We are going to learn how to query two or more tables to obtain requested results, which can have SELECT, WHERE or HAVING conditions, and other operators.
To do this, the UNION statement will be used, instead of JOIN, to which there is a dedicated article.
This article is going to use Microsoft SQL Server and SSMS.
The UNION statement in SQL allows you to combine records from two or more tables in a database.
In special cases a table can join itself, producing a self-join, SELF UNION.
Mathematically, UNION is a relational composition, the fundamental operation in relational algebra, and, generalizing, it is a composition function.
In the standard SQL data query language, the UNION operator is used to combine the results of two independent queries, returning as a joint result all the records obtained by both.
Obviously, in order to perform the union, both queries must return exactly the same data types.
What is not necessary is that they are obtained in the same way.
That is, some could be direct fields obtained from a table query, and the second part could be calculated fields. As long as they have the same name and type there is no problem.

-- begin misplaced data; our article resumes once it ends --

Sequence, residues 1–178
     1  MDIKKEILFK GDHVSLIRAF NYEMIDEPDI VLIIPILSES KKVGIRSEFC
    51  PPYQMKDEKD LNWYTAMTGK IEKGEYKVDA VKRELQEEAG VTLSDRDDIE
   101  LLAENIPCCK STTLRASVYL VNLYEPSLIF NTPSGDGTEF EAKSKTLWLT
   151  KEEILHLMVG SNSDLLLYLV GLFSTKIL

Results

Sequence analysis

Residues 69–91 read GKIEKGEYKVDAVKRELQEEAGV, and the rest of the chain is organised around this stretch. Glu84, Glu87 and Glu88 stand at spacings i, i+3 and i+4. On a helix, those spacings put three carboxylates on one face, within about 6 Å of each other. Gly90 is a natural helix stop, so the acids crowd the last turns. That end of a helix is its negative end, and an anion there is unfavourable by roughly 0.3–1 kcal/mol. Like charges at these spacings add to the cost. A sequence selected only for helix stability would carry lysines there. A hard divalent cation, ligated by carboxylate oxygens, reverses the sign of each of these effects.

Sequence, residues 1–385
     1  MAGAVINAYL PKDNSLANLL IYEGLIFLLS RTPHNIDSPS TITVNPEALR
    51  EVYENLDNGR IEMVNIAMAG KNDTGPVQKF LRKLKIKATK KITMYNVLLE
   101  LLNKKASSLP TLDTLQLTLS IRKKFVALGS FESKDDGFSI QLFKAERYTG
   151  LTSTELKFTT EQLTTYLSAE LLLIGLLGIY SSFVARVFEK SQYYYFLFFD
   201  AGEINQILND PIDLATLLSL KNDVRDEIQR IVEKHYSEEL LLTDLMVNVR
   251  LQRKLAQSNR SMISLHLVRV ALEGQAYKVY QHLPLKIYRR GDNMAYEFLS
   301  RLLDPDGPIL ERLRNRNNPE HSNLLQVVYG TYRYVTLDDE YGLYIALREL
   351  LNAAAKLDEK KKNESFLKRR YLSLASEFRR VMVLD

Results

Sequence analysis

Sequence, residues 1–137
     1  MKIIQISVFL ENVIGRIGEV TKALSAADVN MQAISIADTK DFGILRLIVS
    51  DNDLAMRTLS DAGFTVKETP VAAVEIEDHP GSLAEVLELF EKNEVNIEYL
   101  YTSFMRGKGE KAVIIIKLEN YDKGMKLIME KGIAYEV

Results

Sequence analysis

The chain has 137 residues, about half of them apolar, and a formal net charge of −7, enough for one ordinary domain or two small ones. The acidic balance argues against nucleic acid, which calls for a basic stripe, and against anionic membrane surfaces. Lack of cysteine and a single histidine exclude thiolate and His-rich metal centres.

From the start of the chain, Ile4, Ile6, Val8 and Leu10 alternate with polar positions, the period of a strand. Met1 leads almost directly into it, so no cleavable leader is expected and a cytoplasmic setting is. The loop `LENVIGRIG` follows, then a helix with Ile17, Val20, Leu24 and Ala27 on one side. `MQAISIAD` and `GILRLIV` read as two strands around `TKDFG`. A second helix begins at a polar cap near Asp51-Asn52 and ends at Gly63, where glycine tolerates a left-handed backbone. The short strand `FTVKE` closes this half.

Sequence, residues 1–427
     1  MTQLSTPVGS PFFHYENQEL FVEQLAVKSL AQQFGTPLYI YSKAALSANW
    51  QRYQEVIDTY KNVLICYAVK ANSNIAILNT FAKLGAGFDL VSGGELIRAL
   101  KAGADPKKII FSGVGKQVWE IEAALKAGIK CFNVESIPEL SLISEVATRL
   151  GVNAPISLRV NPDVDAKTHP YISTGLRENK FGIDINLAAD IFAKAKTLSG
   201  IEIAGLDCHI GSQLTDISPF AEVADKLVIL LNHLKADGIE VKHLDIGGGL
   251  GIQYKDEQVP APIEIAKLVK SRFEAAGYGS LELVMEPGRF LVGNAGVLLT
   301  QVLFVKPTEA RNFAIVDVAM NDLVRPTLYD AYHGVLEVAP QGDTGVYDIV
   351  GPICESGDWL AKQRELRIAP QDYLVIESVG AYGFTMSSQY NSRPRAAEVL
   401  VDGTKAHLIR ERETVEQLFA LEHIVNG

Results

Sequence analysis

So in the simplest case, for example, if you have two information tables with data from Suppliers, Names and Invoice Number, something like this (in two different tables):
You can write a query like this:
SELECT TOP(10) SupplierID, SupplierName FROM wideworldimporters.Purchasing.Suppliers
SELECT TOP(10) SupplierID, SupplierInvoiceNumber FROM wideworldimporters.Purchasing.SupplierTransactions
Where you will obtain, if it exists, the invoice number, for each client obtained separately in the first query, if the invoice does not exist, then this data will not be obtained.
An important thing to consider is that UNION prevents duplicate records from being in the final result. That is, it removes duplicate rows where all field values are the same.
However, if you want to get all the data, including the duplicate rows, use UNION ALL.
Finally, UNION ALL offers much better resource performance than UNION.
The reason is that by not having to discriminate between repeated records, the process is much simpler.
In regular queries with few records you will not notice it, but in large queries with many possible results you will.
In any case, if you are sure that the two result sets that you are going to join do not have common data (or you do not care), it is better to always use UNION ALL for this reason.